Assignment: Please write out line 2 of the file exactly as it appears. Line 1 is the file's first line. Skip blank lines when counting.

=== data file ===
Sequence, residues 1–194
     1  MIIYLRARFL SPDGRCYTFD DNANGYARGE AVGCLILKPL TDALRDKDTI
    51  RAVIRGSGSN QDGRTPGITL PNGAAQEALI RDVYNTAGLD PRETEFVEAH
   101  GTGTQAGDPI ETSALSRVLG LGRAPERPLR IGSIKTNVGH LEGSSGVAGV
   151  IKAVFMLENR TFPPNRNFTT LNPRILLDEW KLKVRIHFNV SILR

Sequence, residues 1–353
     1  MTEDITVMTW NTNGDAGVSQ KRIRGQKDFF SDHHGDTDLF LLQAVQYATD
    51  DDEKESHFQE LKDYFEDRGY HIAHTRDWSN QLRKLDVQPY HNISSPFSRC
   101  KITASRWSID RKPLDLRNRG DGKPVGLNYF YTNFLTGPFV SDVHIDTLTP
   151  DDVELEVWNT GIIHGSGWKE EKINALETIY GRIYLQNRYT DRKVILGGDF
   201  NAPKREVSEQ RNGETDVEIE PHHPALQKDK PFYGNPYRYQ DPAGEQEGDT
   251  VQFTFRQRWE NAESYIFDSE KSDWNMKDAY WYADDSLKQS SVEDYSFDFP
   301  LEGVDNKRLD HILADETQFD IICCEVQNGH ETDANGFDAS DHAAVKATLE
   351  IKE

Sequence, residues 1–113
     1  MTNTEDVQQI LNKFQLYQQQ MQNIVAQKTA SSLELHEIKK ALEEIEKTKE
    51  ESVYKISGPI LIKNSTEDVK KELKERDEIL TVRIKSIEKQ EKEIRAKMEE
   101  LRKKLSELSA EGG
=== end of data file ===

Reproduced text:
     1  MIIYLRARFL SPDGRCYTFD DNANGYARGE AVGCLILKPL TDALRDKDTI